Famous women of the Dordogne Valley


Breaking through the cultural and gender barriers of their time, the fame of these four women travelled beyond the borders of France and their inspirational lives shaped the country.



Coco Chanel, the world renowned French designer is synonymous with chic. Ruling the Paris fashion world for decades, she introduced her pre-feminist avant-garde sensibilities to the catwalk. Predominantly working in clean lines with black and white colours, her influence was global. What is lesser known is that she spent six years of her childhood, raised by nuns in the hilltop town of Aubazine.

Abandoned by her father after the death of her mother, aged 11, she was brought to the abbey orphanage.

Coco Chanel’s experience of living there had a profound influence on her later work. This is where she learnt to sew and the pious sobriety of the abbey environment influenced her choice of colour (the black and white garb of the nuns for example). It led her to famously proclaim that the sober clean lines she created for women were infinitely more chic than the frilly clothes of the time. The stained glass windows of the Abbey were the inspiration for the world famous Chanel logo itself. They clearly contain the design elements that make up the interlocking ‘C’s of the brand. www.abbaye.aubazine.com

A visit to Aubazine is not complete without walking the remarkable 12th century Canal des Moines (Canal of the Monks). This 1.5km walk follows the engineering feet of a canal that the Cistercian monks built literally into the cliff- face in order to bring water to the abbey monastery. www.visit-dordogne-valley.co.uk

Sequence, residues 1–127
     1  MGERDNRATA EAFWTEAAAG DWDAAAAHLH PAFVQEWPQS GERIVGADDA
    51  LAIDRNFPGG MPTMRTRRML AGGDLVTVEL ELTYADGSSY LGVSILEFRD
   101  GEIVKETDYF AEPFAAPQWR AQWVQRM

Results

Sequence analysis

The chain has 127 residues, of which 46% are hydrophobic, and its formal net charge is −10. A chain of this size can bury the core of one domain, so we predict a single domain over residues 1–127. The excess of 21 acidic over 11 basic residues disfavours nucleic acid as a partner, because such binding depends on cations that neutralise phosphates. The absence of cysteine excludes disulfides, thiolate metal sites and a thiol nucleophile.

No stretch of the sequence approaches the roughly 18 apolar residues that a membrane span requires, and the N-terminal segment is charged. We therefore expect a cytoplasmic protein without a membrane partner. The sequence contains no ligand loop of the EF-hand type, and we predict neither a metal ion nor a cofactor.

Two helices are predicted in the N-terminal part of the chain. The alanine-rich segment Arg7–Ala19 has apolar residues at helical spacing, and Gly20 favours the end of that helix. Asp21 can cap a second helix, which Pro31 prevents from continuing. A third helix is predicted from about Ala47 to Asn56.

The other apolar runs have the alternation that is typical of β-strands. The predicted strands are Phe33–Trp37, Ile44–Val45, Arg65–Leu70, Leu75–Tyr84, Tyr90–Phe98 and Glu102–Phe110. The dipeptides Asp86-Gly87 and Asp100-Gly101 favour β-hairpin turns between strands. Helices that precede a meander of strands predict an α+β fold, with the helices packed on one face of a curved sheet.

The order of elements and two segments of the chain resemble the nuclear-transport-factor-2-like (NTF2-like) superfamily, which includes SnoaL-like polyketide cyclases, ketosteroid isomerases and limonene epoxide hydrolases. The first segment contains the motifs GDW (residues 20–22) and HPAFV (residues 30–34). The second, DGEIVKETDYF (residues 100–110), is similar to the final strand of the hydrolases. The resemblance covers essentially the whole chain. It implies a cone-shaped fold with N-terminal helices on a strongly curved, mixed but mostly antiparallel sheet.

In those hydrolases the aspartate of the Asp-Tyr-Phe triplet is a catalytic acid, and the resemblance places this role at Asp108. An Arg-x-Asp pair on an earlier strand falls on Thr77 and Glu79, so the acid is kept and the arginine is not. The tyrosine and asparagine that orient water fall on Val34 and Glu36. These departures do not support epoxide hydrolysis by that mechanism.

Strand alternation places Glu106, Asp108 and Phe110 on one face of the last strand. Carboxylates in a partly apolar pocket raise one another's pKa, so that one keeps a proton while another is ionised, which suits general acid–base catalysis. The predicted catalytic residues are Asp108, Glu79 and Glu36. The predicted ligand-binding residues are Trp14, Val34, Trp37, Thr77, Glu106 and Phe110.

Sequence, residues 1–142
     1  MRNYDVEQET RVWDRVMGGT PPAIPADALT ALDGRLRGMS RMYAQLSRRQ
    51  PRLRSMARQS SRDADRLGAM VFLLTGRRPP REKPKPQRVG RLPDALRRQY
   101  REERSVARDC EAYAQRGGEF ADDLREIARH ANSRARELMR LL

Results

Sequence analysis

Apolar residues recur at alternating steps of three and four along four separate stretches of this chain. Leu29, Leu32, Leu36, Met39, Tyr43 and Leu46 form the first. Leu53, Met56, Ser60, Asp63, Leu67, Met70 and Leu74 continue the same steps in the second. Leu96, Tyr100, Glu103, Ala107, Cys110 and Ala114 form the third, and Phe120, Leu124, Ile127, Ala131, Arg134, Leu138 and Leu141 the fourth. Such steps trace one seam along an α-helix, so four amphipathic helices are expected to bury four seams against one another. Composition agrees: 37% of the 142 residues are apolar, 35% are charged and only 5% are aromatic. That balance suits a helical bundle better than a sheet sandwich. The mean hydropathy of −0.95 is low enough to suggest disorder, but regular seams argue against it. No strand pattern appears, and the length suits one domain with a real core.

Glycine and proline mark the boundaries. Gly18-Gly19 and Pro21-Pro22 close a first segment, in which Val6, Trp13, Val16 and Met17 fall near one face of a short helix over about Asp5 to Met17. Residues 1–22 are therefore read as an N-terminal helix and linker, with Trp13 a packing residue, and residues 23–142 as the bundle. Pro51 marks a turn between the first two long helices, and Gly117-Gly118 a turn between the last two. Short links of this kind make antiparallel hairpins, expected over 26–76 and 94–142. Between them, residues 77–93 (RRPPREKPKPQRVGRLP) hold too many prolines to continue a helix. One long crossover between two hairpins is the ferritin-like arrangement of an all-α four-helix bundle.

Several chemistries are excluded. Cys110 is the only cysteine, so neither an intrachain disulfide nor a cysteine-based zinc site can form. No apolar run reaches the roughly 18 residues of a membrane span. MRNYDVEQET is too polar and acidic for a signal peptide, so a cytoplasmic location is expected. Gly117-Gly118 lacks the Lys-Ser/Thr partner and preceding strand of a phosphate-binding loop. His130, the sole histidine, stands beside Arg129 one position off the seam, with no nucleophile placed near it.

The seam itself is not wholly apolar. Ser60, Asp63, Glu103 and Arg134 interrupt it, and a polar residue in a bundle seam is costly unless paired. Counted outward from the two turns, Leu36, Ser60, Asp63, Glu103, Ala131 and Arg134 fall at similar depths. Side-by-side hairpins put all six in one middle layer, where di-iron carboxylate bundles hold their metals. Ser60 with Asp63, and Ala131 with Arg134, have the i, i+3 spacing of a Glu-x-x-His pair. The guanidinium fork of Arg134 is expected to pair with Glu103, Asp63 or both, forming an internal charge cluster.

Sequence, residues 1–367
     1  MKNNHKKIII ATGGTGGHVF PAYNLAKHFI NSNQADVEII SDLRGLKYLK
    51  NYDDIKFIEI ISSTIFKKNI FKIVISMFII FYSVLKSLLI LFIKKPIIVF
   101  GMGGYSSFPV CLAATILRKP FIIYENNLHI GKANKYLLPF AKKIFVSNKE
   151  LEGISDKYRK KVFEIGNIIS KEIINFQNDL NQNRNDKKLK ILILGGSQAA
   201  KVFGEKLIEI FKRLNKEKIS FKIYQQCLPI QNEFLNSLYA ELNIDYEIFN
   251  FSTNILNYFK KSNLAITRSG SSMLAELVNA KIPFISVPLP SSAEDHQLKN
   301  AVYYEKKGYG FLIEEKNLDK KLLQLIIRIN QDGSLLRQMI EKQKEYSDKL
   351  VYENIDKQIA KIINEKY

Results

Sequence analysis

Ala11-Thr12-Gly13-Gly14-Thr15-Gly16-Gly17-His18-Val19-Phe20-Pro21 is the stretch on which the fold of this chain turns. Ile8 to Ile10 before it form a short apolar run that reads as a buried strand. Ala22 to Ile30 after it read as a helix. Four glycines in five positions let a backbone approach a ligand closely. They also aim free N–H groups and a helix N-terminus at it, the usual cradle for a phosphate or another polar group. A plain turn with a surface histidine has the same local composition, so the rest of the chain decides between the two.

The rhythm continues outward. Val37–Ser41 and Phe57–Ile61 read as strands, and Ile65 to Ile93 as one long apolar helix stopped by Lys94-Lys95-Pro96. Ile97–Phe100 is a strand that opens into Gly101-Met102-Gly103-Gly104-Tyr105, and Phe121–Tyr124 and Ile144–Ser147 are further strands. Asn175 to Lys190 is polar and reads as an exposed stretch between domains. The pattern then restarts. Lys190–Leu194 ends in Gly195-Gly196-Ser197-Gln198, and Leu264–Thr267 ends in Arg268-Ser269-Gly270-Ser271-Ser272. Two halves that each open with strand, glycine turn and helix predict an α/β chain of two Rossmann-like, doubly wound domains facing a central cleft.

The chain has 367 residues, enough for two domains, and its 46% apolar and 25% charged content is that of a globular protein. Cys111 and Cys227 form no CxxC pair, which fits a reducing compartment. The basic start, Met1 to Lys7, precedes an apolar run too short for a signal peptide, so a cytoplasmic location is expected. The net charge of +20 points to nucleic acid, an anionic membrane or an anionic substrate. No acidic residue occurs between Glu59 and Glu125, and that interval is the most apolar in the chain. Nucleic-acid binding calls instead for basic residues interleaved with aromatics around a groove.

The most famous American woman to live in France, Joséphine Baker was born in Missouri but died a decorated French Resistance fighter in 1975. In between she was a world famous singer, actress and cabaret dancer. After moving from the Broadway stage she became lauded throughout Europe and this pioneering black woman was later to adopt French citizenship and France as her home. She was awarded the military French Cross by De Gaulle after her heroic service to the Resistance in the Second World War. In her retirement years she bought the fabulous Milandes Château, near the castle of Castelnaud. Today this château is open to the public with 14 rooms dedicated to her extraordinary life, filled with memorabilia celebrating her pioneering and fascinating story. www.milandes.com/en




One of the most famous international novelists of French literature,Colette was nominated for the 1948 Nobel Prize for Literature and was the first woman in France to receive a state funeral. She spent several years living in the Dordogne Valley in the Corrèze area in the villages of Varetz and later in Curemonte during the Second World War. The Jardins de Colette near Brive pays homage to this literary genius with a five hectare garden themed in her honour. Dedicated to her love of nature that infused both her writing and her life (she was an avid gardener), it is open for visits from April to October. It is also possible to overnight in the ‘Colette Suite’ in the Chateau de Castel Novelwww.lesjardinsdecolette.com




Madame de Pompadour wielded enormous influence at the court of Versailles and also over her lover - Louis XV, King of France. Born Jeanne-Antoinette Poisson, she became the King’s favoured mistress. So much so that he gifted her the title of Marquise and also the Château de Pompadour in which she built a private horse stud farm in 1751. Today, Pompadour harbours the national stud farm and remains at the heart of national French horse racingwww.terresdecorreze.com